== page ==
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Oberlin Senior Named Marshall Scholar


Mary Larew

Composition major Mary E. Larew, a double-degree senior from Iowa City, Iowa, is a member of an elite group of students awarded one of the highest accolades a U.S. undergraduate can earn: Great Britain's Marshall Scholarship.

Won through a rigorous national competition, the scholarship supports American students who have demonstrated academic excellence and leadership potential. Financed by the British government, the $60,000 award allows for two years of graduate study at a university in the United Kingdom and covers the costs of tuition, books, travel, and living expenses.

Larew, who hopes to pursue a master of arts degree in vocal studies with an emphasis in ensemble singing at England's University of York next fall, is the fourth Oberlin student to win a Marshall Scholarship since 1990. Christopher Macklin '04, last year's awardee, is at University College in London, where he is studying how experience changes the brain in memory at the cellular and behavioral level.

A National Merit Scholar since 2001, with majors in composition and anthropology, Larew has a passion for medieval and renaissance music.  She is the cofounder of Uncloistered, an a cappella, early-music quintet specializing in Renaissance polyphony, and she has sung with the Oberlin College Collegium Musicum, a chamber choir focused on the music of the 16th- and 17th centuries.

This year Larew is directing the Oberlin production of the 13th-century music drama Ludus Danielis, to be performed in Oberlin, Cleveland, and Boston in January. She directed last year's critically acclaimed production of Hildegarde Von Bingen's 12th-century music drama Ordo Virtutum, and wrote the instrumental interludes based on excised pieces from the vocal score. The production received national coverage in the magazine Early Music America.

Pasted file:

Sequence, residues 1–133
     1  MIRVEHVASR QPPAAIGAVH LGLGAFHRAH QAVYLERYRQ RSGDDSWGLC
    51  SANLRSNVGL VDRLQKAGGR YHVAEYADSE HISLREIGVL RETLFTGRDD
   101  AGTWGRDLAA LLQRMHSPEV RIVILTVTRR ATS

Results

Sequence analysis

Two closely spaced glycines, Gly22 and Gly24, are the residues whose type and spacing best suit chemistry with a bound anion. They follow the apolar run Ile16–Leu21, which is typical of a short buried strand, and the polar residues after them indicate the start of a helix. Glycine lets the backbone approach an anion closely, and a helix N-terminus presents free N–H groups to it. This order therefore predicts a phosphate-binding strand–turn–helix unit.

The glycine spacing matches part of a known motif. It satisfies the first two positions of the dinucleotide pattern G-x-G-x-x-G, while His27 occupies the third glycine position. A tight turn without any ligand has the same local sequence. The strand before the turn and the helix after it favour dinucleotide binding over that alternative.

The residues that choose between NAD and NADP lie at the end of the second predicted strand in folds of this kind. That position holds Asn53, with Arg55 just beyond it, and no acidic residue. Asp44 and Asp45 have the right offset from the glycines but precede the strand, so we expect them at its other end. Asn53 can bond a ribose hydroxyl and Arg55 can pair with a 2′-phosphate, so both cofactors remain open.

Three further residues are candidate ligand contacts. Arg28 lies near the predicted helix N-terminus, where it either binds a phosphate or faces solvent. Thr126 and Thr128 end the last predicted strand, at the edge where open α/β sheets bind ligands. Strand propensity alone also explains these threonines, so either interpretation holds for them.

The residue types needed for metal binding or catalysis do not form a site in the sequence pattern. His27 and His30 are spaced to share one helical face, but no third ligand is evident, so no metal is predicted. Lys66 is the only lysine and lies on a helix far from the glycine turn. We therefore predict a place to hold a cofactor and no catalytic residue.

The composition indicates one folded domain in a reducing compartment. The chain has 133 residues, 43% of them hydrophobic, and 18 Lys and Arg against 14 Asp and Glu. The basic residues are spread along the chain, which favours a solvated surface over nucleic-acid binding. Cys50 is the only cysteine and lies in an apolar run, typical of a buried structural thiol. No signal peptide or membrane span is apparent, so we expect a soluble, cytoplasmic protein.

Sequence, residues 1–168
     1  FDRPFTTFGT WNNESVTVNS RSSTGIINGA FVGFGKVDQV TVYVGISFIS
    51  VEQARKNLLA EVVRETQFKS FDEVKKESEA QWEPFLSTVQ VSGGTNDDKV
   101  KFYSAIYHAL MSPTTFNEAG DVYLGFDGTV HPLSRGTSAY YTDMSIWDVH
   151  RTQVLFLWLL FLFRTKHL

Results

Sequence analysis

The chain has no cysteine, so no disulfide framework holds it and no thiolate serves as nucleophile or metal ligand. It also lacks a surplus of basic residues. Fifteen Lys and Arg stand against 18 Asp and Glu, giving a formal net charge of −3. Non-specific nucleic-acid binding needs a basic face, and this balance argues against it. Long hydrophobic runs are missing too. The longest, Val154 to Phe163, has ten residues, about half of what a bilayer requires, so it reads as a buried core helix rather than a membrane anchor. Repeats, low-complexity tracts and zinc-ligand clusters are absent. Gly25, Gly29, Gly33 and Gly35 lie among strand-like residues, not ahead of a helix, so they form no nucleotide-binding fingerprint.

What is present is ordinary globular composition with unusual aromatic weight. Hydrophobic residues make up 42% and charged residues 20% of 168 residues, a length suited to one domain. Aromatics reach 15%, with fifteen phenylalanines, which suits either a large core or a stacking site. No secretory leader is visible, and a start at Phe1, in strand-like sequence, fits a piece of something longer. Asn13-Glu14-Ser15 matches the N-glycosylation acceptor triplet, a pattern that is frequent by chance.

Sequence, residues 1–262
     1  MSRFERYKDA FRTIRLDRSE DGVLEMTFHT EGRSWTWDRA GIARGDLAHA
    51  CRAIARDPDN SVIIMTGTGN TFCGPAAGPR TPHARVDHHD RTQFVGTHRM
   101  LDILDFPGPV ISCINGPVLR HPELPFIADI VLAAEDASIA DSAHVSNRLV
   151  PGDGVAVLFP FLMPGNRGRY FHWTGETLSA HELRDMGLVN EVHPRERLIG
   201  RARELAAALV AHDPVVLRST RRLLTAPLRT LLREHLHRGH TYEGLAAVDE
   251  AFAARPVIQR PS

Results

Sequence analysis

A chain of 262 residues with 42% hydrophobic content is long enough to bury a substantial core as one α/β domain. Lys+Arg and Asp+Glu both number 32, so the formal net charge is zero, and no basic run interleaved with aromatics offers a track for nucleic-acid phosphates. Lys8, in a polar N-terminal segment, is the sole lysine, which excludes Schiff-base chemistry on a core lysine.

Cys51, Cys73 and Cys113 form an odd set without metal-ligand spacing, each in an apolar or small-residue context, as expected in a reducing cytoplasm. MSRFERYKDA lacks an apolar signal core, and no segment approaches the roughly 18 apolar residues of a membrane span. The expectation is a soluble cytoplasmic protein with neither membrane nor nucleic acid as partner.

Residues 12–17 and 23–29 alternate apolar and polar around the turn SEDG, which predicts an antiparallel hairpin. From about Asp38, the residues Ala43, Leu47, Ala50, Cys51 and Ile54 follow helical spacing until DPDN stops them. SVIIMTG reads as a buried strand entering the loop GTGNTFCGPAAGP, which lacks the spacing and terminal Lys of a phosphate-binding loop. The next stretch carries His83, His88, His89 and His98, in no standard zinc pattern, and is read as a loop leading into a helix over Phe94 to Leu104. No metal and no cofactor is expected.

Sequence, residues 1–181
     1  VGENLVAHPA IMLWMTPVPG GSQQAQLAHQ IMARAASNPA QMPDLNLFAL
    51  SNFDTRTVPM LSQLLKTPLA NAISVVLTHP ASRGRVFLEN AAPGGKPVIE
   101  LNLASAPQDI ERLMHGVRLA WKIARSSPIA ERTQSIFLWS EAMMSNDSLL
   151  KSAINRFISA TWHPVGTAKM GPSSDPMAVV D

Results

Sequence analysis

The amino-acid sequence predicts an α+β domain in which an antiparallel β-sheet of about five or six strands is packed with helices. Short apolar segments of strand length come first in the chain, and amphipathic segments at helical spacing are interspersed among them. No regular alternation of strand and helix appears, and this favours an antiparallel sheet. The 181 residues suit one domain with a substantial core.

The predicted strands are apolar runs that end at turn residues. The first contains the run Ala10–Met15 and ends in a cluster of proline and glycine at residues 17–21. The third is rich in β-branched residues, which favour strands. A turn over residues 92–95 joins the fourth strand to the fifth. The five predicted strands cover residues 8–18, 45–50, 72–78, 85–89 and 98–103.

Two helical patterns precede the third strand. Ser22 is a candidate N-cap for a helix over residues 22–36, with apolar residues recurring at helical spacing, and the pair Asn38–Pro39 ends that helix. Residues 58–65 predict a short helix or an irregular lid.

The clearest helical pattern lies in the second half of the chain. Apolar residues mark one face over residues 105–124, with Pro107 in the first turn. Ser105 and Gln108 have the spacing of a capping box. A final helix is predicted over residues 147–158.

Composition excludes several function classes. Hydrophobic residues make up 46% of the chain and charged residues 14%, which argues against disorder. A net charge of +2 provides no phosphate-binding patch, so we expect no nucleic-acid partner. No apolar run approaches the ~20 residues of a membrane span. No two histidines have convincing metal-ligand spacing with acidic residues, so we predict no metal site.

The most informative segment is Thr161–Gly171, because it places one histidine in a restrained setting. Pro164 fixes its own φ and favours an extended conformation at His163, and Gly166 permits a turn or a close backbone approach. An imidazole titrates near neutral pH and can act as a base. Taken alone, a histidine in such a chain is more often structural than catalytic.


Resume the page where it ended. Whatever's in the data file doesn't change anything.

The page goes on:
Steven Plank, professor of musicology and director of the Oberlin College Collegium Musicum, served as Larew's advisor for Ordo Virtutum. He believes that she possesses significant characteristics that distinguished her in the eyes of the Marshall jurors. "Mary's range of experience is significant," he says, "and her spirit of adventure is made confident by the discipline of her work. There also seems to be a giftedness in her capacity to enjoy the work she undertakes."

Larew's plans for her English sojourn include earning an MA in the first year and directing one or more music dramas and/or concerts her second year. She hopes to establish herself as an independent performer and director of early music, music dramas, operas, and drama.

"Ultimately, I intend to move back to my hometown—where I am the fourth generation of my family to live on the same street—and establish a notable early music/drama scene in Iowa City," she says.

In the meantime, Larew says she looks forward to "intense study with as many amazing artists and scholars as possible," noting John Potter, the celebrated director of the vocal studies program at York, and the Tallis Scholars, leading exponents of renaissance sacred music. Larew studied with the Tallis Scholars at their summer school in Rutland, England, in 2003 and 2004.

She recorded Wär Ich Ein Falk with the 15th-century music ensemble Ciaramella on the Naxos label and also performed with them at the Bloomington Early Music Festival in Indiana last May, with a later broadcast on National Public Radio's Harmonia.

She has written a number of commissioned works, including In the Beginning Was the Word for choir and organ, which was performed at St. Paul's Episcopal Church of Medina, Ohio, in 2003, and Where Shadows Do for Bodies Stand for five viola da gambas and five voices, performed during her junior recital.

Also an accomplished violinist, Larew premiered a violin sonata by Conservatory junior Herman Whitfield III, and last summer she attended the Santa Fe Suzuki and the Stevens Point institutes to study Suzuki violin methods.

Larew has written several short stories, poems, and an opera libretto, and her play Introduction to Post-Modernism was performed as part of the Oberlin Shorts play festival her junior year.

"I fully appreciate the opportunities the Marshall will provide, especially the chance to be part of an outstanding professional, artistic, and political milieu," she says. "It is a privilege to receive such recognition for my work and accomplishments."

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